To add to what Professor Herbener has said in answer to your questions:
It is vital to keep in mind that the entire production structure/ stages of production construct employed by Rothbard is essentially prospective or forward looking in nature. It is an analytical tool to emphasize and analyze the fact that the available stocks of the factors of production (higher order goods) can be allocated in different temporal patterns, i.e., they can be allocated to produce a stream of consumer goods in the near future (say, two years hence) or they can be allocated to yield such a stream of consumer goods in the remoter future (say, six years later).
In Rothbard’s use of it in MES he makes the simplifying assumption that the factors available for allocation consist only of stocks of “original factors,” i.e., land and labor. This pool of factors is allocated in a certain temporal pattern, producing capital goods along the way, to finally yield a stream of consumer goods. It therefore follows that the highest stage involves the use of only land and labor and the payment of only wages and rent.
In the real world, as you correctly note, the available pool of factors includes not only land and labor but also durable capital goods produced in the past. Not only the available labor and land but also the available durable capital goods “carried over” from production activities in the past are allocated in a certain temporal pattern by the decisions of the various entrepreneurs. It thus follows that in this real world the highest stages of production would involve the use of such factors as well. Making this change to the analysis, however, does not invalidate any of the conclusions derived by Rothbard. His assumption is merely a simplifying one that keeps the analysis tractable.
This question could be best answered by considering the imaginary case of Robinson Crusoe, who finds himself shipwrecked on an island. He needs food and therefore decides to fish. The shortest/ quickest way for him to acquire fish would be to fish with his bare hands. Constructing a raft and a net and thereby increasing his productivity in catching fish involves an inter-temporal trade off – he needs to give up fish in the present (or nearer future) so as to obtain fish in the future (or remoter future). To avail of this productivity increase he needs to overcome his time preference and save and invest. Let’s assume he does that, so that he now has a raft and a net to fish. Now the shortest way to acquire fish is to use the raft and the net, given that these capital goods have been produced in the past and are available.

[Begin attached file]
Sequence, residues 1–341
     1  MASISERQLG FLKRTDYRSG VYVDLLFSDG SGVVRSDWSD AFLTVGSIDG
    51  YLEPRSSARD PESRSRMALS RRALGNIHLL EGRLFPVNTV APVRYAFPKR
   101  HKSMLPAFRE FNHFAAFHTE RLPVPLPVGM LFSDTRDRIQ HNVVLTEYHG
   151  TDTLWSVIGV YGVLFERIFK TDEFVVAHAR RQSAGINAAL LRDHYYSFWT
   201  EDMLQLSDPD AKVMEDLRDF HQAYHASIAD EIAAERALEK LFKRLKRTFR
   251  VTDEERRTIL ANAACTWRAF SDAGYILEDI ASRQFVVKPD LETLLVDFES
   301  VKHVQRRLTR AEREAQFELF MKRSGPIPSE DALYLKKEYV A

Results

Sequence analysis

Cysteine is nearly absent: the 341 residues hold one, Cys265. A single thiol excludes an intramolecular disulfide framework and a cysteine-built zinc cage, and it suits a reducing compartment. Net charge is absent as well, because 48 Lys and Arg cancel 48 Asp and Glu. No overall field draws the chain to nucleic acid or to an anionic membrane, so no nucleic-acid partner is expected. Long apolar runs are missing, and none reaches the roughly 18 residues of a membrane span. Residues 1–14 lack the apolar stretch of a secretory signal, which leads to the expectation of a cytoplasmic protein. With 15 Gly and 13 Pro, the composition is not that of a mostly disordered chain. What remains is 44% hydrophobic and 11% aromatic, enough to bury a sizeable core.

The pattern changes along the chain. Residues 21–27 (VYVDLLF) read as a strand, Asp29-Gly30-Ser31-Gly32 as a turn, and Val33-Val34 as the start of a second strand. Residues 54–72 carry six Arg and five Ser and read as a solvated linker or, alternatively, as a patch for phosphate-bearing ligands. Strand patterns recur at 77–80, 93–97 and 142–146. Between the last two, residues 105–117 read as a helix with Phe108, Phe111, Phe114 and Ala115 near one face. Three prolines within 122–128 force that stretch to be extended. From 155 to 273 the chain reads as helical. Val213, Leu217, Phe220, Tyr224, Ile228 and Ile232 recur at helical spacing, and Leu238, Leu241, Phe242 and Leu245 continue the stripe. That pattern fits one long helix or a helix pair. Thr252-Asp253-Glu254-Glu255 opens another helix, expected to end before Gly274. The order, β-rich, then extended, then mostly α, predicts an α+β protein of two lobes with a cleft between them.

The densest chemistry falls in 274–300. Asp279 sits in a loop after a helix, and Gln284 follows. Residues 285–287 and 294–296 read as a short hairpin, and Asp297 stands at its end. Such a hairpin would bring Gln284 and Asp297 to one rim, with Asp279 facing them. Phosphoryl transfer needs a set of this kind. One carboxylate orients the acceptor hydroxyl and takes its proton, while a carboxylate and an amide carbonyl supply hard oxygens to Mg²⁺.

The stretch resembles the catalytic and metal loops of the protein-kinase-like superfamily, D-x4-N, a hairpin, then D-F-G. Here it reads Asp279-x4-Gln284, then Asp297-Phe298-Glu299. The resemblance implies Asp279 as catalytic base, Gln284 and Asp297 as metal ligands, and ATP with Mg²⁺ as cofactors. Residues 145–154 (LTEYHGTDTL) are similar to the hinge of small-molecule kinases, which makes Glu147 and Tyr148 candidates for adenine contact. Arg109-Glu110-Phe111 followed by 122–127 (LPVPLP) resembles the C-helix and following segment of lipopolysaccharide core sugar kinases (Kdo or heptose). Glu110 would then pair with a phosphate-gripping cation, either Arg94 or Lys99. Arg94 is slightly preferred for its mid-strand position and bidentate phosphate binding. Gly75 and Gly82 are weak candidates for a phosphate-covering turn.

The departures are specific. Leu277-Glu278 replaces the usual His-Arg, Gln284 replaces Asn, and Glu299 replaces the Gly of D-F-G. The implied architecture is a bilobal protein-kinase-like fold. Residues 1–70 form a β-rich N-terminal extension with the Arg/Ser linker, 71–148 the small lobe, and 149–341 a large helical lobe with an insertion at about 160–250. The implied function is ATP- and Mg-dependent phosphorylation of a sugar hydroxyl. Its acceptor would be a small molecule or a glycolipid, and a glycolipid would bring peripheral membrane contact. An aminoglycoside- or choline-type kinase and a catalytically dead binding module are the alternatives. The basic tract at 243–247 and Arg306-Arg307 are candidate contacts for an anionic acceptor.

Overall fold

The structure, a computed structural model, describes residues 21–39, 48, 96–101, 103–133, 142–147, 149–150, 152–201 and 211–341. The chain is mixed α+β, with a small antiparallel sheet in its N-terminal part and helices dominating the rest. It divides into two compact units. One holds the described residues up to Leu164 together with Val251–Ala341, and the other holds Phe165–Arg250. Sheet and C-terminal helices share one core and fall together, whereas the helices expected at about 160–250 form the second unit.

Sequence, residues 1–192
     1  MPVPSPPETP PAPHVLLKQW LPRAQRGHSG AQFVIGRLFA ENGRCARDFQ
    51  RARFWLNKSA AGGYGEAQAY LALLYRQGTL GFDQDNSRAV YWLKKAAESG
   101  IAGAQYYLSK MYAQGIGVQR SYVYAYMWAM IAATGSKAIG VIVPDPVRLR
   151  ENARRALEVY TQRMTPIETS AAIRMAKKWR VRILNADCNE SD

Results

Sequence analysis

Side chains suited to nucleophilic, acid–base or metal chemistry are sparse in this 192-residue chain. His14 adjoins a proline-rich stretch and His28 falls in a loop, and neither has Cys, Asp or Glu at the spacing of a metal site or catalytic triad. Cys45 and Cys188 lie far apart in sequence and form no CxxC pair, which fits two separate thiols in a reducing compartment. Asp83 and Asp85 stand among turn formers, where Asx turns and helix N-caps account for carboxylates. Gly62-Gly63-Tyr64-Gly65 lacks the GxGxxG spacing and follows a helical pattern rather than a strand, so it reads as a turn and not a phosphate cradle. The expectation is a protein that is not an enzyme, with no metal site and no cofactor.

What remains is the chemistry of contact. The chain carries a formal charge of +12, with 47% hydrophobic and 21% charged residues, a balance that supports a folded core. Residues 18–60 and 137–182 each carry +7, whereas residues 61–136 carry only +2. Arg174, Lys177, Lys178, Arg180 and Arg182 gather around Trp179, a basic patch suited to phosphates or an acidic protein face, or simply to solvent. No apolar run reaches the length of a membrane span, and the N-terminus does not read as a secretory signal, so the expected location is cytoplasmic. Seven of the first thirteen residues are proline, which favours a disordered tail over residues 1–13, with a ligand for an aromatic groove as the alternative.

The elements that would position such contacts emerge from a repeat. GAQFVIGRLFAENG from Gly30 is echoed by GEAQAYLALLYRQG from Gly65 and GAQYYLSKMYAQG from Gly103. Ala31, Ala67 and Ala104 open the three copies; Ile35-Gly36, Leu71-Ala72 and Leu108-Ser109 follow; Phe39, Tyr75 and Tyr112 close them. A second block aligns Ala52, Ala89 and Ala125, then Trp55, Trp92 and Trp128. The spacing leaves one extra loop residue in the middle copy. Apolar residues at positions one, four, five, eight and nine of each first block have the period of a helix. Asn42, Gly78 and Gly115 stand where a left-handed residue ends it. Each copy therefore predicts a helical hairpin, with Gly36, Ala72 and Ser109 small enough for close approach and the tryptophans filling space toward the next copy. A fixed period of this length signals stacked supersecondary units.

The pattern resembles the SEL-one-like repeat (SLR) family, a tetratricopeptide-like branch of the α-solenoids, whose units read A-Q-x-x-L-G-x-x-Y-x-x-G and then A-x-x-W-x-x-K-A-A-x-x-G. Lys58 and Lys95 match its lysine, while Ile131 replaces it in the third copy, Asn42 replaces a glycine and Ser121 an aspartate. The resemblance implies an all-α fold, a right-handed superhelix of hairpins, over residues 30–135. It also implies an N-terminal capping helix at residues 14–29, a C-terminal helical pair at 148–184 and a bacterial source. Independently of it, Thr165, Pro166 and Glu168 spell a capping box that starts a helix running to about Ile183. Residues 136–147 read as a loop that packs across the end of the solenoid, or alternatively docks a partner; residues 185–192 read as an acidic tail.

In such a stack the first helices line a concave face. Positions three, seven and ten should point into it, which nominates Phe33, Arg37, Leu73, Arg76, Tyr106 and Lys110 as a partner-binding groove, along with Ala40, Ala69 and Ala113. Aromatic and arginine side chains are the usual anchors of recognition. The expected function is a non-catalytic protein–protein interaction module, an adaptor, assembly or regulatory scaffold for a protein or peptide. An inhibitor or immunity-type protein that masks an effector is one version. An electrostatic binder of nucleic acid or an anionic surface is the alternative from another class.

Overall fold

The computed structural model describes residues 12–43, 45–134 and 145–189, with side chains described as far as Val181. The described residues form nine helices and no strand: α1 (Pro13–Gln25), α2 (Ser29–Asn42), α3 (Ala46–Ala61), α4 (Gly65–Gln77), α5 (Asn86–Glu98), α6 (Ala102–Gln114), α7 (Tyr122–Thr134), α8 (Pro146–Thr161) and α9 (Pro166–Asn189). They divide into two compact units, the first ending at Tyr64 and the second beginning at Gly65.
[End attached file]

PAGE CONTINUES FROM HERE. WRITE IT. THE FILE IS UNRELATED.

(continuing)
Now assume that Robinson decides to produce another raft and another net; he wants to ensure that he has these goods to fish when his current raft and net become unusable due to the inevitable depreciation that they will undergo. The production of this new raft and net represents that same inter-temporal choice that the production of he first set involved. Robinson now has to allocate some of his labor time that he could have used to fish with the raft and the net that he already owns (or that he could have enjoyed in the form of leisure) to the production of a raft and a net that will be available for use only in the remoter future.
The case in an economy practicing the division of labor is similar. If one firm in the fishing industry is using a raft and a net whereas the other fishermen are fishing with their bare hands, the use of resources to produce more rafts and nets involves a lengthening of the existing production structure.